Last week wicketkeeper Zulqarnain Haider was let off with a small fine of Rs500,000 for violating the player’s code of conduct. Haider flew to London last year without informing the team management over alleged death threats during the Pakistan team’s series against South Africa in the United Arab Emirates. Critics have lambasted the Pakistan Cricket Board (PCB) for ‘sparing’ the cricketer who gave a bad name to Pakistan cricket.
Haider fled the team hotel in Dubai last November while playing in a one-day series against South Africa and landed in London. He said he had been threatened by an unknown person who wanted him to cooperate in match-fixing during the series. He returned home in April after getting security assurances from Interior Minister Rehman Malik and was told to appear and face disciplinary proceedings by the PCB.
It is now an open secret that Haider ‘left’ for England to get ‘immigration’ there but had to return after his ‘efforts’ went in vain. Haider, who made his Test debut last year against England at Edgbaston scoring 88 runs, said he had no evidence to support his allegations or match-fixing claims. Haider withdrew all his allegations against the board or fellow players and also admitted he had no evidence to support his claim that a bookmaker had approached him in Dubai to fix matches.
Why manager Intikhab Alam handed over Haider his passport is a million dollar question. Though Intikhab said that the wicketkeeper wanted to get mobile phone SIM, but the manager should have applied his mind before handing over the passport to Haider who later put Pakistan cricket on the back foot. It has been a practice among all the previous managers to keep photocopies of the passports. Whenever players needed their passports, during the middle of a tour, to get SIMs or other facilities, they were given photocopies of their passports.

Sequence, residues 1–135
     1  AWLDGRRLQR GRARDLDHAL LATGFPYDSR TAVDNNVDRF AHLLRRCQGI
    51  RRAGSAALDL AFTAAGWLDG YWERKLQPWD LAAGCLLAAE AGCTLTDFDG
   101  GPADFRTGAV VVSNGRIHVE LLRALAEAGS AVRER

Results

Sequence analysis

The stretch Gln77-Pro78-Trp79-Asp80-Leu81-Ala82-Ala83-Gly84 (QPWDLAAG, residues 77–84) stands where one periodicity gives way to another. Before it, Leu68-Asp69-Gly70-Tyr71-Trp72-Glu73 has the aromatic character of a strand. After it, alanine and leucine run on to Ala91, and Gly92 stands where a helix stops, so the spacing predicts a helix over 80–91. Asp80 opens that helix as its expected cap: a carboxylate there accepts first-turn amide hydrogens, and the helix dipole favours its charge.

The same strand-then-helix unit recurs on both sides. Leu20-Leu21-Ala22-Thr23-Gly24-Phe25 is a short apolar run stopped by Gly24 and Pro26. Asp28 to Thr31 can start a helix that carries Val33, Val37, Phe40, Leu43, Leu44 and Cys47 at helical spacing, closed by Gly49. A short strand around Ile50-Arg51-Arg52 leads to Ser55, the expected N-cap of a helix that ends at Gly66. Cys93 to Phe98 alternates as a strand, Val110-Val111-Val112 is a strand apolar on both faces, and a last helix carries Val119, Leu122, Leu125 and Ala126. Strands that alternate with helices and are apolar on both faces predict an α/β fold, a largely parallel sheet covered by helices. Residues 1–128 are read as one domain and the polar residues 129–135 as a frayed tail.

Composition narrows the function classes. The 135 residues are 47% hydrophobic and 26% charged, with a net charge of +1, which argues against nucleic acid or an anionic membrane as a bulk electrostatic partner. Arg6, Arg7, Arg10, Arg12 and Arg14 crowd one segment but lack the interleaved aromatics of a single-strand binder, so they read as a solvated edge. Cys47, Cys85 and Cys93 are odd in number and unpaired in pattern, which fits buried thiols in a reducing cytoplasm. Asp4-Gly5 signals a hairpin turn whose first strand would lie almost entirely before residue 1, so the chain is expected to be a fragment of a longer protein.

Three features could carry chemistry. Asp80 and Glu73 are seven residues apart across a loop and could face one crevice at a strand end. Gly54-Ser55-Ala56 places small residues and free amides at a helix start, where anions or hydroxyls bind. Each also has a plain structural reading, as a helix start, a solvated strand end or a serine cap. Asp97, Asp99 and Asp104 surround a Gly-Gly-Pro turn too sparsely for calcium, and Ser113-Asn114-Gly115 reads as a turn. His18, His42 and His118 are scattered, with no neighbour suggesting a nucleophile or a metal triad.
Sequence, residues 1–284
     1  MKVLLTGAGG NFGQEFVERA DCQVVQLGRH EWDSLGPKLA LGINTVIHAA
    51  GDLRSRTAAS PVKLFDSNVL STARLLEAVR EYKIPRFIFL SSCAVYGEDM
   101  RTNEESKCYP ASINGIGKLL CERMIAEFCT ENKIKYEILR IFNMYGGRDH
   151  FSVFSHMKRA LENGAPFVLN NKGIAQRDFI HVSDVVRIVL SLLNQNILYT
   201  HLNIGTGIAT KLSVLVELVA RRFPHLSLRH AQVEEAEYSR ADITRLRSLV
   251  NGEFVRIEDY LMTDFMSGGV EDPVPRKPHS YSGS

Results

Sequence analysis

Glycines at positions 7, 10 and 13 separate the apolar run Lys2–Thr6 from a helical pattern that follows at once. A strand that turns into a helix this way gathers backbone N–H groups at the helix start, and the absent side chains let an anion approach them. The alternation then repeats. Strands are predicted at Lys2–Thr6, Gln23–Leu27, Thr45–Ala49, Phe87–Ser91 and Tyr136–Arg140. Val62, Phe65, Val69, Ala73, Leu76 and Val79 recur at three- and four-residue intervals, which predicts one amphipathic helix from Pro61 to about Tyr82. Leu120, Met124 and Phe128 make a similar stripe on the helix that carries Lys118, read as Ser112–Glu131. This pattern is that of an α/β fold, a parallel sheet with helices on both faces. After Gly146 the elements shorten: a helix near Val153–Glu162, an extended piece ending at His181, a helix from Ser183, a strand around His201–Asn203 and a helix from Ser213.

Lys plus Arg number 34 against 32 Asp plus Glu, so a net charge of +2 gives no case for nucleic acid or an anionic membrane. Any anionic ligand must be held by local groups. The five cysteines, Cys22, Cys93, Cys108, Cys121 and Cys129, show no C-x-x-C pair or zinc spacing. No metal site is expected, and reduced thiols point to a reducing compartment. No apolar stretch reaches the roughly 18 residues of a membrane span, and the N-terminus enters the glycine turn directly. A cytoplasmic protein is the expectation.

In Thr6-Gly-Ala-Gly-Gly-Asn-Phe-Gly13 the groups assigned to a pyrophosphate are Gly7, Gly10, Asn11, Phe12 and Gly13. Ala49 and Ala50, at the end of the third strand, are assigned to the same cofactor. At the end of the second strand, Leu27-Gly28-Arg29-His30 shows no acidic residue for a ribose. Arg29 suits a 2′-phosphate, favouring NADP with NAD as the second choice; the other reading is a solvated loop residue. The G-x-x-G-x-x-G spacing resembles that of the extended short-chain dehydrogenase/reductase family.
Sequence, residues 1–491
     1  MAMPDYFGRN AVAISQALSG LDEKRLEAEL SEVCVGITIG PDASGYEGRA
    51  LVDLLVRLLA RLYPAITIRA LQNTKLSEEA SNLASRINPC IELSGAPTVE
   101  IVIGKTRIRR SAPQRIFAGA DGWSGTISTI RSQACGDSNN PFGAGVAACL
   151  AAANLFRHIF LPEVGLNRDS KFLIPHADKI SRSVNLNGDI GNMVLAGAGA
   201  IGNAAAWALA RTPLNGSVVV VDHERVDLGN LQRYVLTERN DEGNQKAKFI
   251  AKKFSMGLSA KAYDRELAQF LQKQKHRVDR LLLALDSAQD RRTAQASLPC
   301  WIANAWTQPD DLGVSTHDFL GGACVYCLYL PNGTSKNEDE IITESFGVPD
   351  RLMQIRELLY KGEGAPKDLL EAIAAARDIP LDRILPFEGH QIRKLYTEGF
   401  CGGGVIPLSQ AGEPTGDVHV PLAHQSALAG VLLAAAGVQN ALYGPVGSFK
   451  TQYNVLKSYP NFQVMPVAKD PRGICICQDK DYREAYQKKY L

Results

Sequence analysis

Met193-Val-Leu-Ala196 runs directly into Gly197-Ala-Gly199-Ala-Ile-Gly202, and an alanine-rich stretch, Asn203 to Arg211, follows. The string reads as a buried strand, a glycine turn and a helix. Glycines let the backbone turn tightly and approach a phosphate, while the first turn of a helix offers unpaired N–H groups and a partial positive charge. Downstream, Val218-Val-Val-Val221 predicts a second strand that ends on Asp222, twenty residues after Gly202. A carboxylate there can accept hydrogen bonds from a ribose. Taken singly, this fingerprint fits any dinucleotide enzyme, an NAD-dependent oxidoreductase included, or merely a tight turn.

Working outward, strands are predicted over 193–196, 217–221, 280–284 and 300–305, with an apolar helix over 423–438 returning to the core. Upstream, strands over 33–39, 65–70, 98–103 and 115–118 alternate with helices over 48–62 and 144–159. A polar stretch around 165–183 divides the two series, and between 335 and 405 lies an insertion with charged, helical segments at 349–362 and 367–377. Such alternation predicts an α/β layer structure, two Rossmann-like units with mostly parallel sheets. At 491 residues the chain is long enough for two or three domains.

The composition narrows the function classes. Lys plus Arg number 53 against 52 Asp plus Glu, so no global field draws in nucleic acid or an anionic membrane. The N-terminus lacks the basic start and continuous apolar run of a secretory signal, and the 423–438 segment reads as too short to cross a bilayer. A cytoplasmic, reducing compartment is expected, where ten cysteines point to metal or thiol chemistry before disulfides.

It would be no exaggeration to say that to some extent Intikhab was responsible for Haider episode. The ‘Haider soap opera’ could have been avoided had Intikhab acted in a sensible way. Intikhab has never been a good manager. His top priority has always been to be part of the cricket establishment and retain his job. His all tour reports about players show that what kind of a manager he is. Sometimes he described them as ‘mentally retarded’ and sometimes as ‘immature’. He has been playing with players’ careers for the last many years. But no inquiry has been launched against him. Pakistan is a strange country where retired people are given high profile jobs without keeping their age and mental capabilities in view.
Like Afridi, Haider acknowledged that he had erred. Haider had said he had accepted his misconduct before the disciplinary committee and would try not to ‘repeat the mistakes in future.’ “I did what I thought was right at that time,” he had said of his decision to leave the team on the day when Pakistan were due to play their fifth and final ODI against South Africa. “With the passage of time I realized that I committed a mistake. I should have informed the PCB, I should have informed my seniors.”
The disciplinary problems being faced by Pakistan cricket are not only due to PCB chairman Ijaz Butt, who has become a blot on the game, but also weak and incompetent managers like Intikhab. Pakistan cricket needs a strong and professional manager and not a stooge or self-centered person who is always dancing to the tunes of the 78 years old PCB chairman.

Public Service Message on World Drug Day (26 June) by Shahid Afridi